We do not need a minister to fulfill this function either. I have been told that UU-trained ministers receive only a minimal amount of training in pastoral case and the bulk of their training is in theology. In a religion in which each member works out their own theology, I don’t understand why so much time is dedicated to it in UU seminary.  It is probably another one of the vestiges of dogmatic religion which the UUA has not shed.

In any case, while we don’t necessarily need a minister for this function, pastoral care is not something that lay people can do. For years I belonged to a church (Mormon) that delegated that responsibility to lay leaders. And the results are spiritually disastrous for individuals. We need someone trained in pastoral care, but it need not be a minister. Someone with a degree in counseling or therapy and a sensitivity to spiritual concerns could fulfill that function.

3. Congregational Leadership

We already have a lay leadership, which I am proud of. But there are some aspects of leadership which require specialized training. Fortunately, the UUA provides all kinds of training for lay members and for specialists.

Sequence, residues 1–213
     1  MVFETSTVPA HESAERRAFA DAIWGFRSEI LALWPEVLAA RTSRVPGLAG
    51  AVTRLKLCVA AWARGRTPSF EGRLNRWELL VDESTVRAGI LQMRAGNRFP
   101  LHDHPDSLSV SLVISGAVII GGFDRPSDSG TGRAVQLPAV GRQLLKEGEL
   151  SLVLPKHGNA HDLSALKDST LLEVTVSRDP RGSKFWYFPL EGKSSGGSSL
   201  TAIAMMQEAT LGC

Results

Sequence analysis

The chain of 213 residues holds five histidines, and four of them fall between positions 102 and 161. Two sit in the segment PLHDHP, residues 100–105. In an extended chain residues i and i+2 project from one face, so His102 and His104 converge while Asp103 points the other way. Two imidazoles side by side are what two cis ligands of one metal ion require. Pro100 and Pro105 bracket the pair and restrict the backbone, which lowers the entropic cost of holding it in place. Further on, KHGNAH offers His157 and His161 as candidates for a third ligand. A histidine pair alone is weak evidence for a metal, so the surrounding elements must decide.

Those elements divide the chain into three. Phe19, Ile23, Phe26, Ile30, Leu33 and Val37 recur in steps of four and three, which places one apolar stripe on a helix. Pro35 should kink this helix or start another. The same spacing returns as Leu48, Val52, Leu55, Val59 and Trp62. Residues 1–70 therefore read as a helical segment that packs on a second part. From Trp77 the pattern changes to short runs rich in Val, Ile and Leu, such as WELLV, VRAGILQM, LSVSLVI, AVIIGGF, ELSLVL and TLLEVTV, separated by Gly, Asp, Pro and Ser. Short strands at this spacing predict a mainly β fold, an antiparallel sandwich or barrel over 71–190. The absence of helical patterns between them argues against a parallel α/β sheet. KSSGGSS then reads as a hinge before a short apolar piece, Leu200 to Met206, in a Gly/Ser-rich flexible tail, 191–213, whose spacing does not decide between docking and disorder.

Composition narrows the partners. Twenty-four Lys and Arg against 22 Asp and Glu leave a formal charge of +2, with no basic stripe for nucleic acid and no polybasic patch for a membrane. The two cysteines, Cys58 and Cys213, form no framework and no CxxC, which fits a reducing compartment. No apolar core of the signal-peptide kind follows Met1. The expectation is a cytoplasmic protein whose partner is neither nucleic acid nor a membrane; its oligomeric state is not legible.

If we decide that we do want to grow as a congregation, then we are going to start having to ask more of each other (see above). And I think we will need help doing that–trained help. That person need not be a minister, though. They could be a congregational coach, for example.

In fact, I wonder if having a minister would get in the way of us coming together as a congregation.  Maybe even holding the hope for a minister is something that keeping us stuck, keeping us from taking responsibility for our own congregation.

Looking Forward

We are entering the process of searching for a new minister. However, we have yet to receive any direction from the congregation as to what form that ministerial role should take. As we begin discussing what directions to give to the search committee, I ask you to consider the possibility of giving up the goal of a full-time, or even a part-time, minister. The things that are wrong with our congregation will not be fixed by having the same person in the pulpit every Sunday or every other Sunday. That kind of thinking is, frankly, pre-Millennial thinking.

What we do need is qualified pastoral care. What we do need is someone who is trained to help congregations grow together. What we do need is someone trained to help us do the hard work of coming to expect more of each other. I believe it’s time to move beyond the hope of a settled minister who will solve our problems. I believe it’s time to start getting creative about solving our own problems.

In faith and with love,

John Halstead